Today’s crop of 300 two-stroke off-road bikes offer an amazing level of performance. The technical advancements in the motor, chassis and suspension are astonishing. These woods weapons perform so well, they make the average pilot a better rider. But, what can you do to improve the stock platform? There are tons of aftermarket products available, so what will deliver improved performance instead of just bling? Mike Webb dipped his 2019 KTM 300XC-W into the aftermarket pool and discovered what he wanted
In stock trim, the XPLOR fork is soft, lacks predictability and bottoms easily. Slavens Racing sells the MX Tech Lucky cartridge system with dual compression and rebound cartridges (stock is compression left, rebound right leg). They are valved using Jeff’s “Mule” spec and target tough enduro terrain. These dual cartridges distribute valving equally between the two dampers, use leaf spring mid-valves, optimized pressure balance, and provide a wide performance profile for riders who expect a plush ride, all while maintaining excellent traction and control. To control the bottoming, the Lucky MX Tech kit uses the MXT huck valve. It’s a speed-sensitive bottoming control that uses a pressure sensitive valving mechanism. This allows for both high-entry speeds and slower speeds effectively. The MXT huck valve-equipped forks allow the setup to be plusher without sacrificing the overall control of the fork.
Out back, Mike went with the Slavens Mule National shock by MX Tech, a very pricey upgrade, but it’s a performance promotion that deals with some of the non-linkage issues of the stock PDS design (rides high, deflects when bottomed, not whoop-friendly). The National shock is over 1 pound lighter than the stocker, has speed-sensitive damping, five damping adjustments, an 18mm DLC-coated shock shaft and a Kashima-coated shock body. It uses an MXT tank (large reservoir system) and a hybrid piston/bladder design for better small-bump compliance and control. Mike felt that his 300 rode lower, maintained balance better under duress, was superb in chewing on track hack, and provided a substantial gain in ugly high-speed terrain.
The stock motor provides a seamless, linear power delivery that is magic in the technical nasties but is mapped lean to meet Euro emissions and, honestly (for western off-road), needs a boost in the mid-to-top power zone. Mike’s first mod was to increase compression using the Slavens Racing S3 high-compression head, which was mated to the Slavens mapped GET ECU. This mod was huge, eliminating the lean zones and upping the midrange where it was weak. Mike was pumped but felt that the engine was struggling in the smooth bottom-to-midrange transition. This was what he tagged as his hill-climbing hot zone, so he went for one more stage, the Slavens Racing Mule GET injector relocation kit, which moves the stock fuel injectors from the cylinder to just in front of the throttle body. This, combined with the S3 head and Slavens setting in the GET ECU, turned Mike’s 300 into a beast. It retains excellent low-end torque and allows a smooth pull into a very muscular midrange and amazing top end. Where the stock power falls flat, this clicks into another zone. It’s a pricey ticket, but for the western rider who spends his days hill-climbing, dealing with power-robbing sand, and still embraces the shift and lug for perfect traction in technical terrain— It’s flat stunning.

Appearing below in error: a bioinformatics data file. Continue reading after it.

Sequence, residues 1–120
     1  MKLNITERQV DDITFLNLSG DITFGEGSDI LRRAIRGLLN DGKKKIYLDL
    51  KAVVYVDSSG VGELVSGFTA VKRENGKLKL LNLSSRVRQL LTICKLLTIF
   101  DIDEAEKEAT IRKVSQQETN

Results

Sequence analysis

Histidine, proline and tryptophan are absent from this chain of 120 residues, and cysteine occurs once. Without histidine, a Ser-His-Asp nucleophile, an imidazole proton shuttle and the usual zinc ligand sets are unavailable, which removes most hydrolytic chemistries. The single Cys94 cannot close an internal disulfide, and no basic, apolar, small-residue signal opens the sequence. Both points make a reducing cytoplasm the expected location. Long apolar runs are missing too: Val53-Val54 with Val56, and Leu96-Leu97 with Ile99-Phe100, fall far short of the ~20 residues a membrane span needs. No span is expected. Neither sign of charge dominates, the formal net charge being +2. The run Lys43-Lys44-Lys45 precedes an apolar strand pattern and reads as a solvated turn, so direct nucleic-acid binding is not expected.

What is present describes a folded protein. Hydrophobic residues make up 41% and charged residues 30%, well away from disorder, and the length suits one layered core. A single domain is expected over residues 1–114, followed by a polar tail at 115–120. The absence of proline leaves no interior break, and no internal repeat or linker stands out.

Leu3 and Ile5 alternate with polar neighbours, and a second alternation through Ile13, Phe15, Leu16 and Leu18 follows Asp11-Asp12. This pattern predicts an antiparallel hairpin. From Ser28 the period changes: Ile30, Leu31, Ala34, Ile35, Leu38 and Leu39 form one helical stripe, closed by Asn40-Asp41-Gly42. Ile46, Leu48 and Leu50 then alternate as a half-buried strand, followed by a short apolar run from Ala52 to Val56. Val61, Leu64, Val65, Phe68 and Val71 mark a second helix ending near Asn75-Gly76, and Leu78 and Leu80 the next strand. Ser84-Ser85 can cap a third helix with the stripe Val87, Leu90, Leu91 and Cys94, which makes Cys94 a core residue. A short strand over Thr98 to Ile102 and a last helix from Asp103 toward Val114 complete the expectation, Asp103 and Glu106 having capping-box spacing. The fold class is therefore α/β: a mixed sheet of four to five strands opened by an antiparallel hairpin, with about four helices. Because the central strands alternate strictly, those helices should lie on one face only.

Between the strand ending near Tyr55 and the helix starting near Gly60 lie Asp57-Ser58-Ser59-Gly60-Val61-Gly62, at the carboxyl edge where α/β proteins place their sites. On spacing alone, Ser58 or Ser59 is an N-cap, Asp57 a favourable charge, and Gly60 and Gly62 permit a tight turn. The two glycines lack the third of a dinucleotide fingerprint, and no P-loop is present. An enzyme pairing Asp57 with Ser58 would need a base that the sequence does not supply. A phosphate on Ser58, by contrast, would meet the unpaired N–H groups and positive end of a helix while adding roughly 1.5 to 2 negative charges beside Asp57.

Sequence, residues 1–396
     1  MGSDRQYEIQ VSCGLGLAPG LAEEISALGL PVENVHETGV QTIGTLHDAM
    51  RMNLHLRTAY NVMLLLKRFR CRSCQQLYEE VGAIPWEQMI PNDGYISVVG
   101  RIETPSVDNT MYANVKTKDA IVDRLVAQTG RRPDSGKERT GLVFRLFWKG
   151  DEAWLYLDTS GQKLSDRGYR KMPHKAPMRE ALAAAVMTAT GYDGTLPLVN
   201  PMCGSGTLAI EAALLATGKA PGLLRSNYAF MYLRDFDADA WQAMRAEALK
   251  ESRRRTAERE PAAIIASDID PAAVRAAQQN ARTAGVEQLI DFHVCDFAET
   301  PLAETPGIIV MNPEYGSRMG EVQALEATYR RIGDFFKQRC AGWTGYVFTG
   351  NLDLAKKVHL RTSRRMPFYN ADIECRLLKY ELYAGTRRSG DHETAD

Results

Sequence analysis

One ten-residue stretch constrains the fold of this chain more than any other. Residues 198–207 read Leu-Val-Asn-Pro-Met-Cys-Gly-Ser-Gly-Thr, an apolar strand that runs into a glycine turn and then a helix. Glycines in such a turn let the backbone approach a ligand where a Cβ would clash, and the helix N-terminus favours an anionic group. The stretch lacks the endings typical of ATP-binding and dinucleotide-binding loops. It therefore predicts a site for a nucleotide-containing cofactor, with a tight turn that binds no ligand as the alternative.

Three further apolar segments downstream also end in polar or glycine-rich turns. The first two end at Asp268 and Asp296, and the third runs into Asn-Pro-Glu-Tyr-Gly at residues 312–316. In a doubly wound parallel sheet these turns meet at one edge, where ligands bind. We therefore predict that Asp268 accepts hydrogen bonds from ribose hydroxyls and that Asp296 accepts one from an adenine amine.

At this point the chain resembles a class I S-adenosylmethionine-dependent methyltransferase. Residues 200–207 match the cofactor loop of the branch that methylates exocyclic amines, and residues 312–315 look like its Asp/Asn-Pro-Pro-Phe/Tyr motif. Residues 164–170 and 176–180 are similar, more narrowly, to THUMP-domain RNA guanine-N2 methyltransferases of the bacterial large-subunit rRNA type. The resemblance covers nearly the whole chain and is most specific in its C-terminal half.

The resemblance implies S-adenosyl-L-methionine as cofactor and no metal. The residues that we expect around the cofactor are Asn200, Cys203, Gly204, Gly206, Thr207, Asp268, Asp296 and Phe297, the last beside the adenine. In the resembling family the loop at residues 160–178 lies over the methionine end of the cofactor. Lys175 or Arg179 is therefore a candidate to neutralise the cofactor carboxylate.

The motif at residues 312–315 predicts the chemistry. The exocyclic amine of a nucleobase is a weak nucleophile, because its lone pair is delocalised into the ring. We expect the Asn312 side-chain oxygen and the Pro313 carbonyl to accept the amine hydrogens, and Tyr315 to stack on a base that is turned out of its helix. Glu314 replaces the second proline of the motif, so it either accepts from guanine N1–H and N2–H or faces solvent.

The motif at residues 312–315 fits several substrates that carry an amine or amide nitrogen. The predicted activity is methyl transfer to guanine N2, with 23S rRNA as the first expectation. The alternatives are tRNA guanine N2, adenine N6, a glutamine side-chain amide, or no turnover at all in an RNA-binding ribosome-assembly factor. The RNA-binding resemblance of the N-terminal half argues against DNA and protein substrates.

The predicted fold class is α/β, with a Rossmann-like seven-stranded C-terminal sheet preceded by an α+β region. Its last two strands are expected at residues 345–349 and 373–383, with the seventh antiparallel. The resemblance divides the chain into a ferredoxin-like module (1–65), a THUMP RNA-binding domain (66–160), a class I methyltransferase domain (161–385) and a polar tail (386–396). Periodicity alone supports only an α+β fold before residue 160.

The majority of our bolt-on mods were chosen for protection and reliability. The Enduro Engineering handguards and rear disc guard; the Bullet Proof Designs swingarm guard; and the Acerbis chainguide, frame and skid plate for engine protection. The E Line carbon pipe guard, Slavens exhaust flange and TPS protector are all focused on damage control. Mike fit on a Twin Air high-pressure radiator cap and a Trail Tech cooling fan. The fan is almost a must for the rider who spends time in slow, technical zones that easily elevate the motor temps and can turn your machine into a steamer. Ride Engineering split triple clamps aren’t mandatory but are adjustable and offer insurance against twisted bars in the event of a fall. Seat Concepts’ gripper seat is a must for the steep climbs we play on, and the Decal Works graphics kit is just cool.
In the end, Mike says that he went over the top to get what he wanted for the terrain that he plays in. A total revamp of the power output via the Slavens kit was his biggest game changer. Both the fork and new shock target a guy with a healthy credit card limit, but Mike is consumed with balance and feel, and both were addressed superbly with the MX Tech updates. All the guards he bolted on are considered part of the cost of doing business in the off-road world. In the end, Mikey likes the progress he made with his 300 in looks, feel, power and handling.
GET race kit: $1181.95 (includes GET ECU, injector relocation, map switch and ECU plate)
S3 hi-comp head: $179.95
Slavens MX Tech National shock: $2640
Slavens MX Tech cartridge fork: $1079
Slavens TPS protector: $54.95
Slavens exhaust flange: $44.95
Nuetech Tubliss tube: $102.95
Trail Tech fan kit: $219.95
Enduro Engineering rear disc guard: $109.95
Enduro Engineering handguards: $84.90
Fastway EVO 4 pegs: $144.95
Polisport ignition cover
Acerbis frame guards: $47.65
Acerbis disc cover: $32.95
Acerbis skid plate : $82.95
Acerbis chainguide: $63.99
Seat Concepts saddle: $348.99
Twin Air Ice Flow radiator cap: $35.95
FMF 2.1 silencer: $184
E Line pipe guard: $159.95
Ride Engineering triple clamps: $799
Decal Works graphics: $247
Rekluse clutch cover: $179.99
Bullet Proof Designs swingarm guard: $75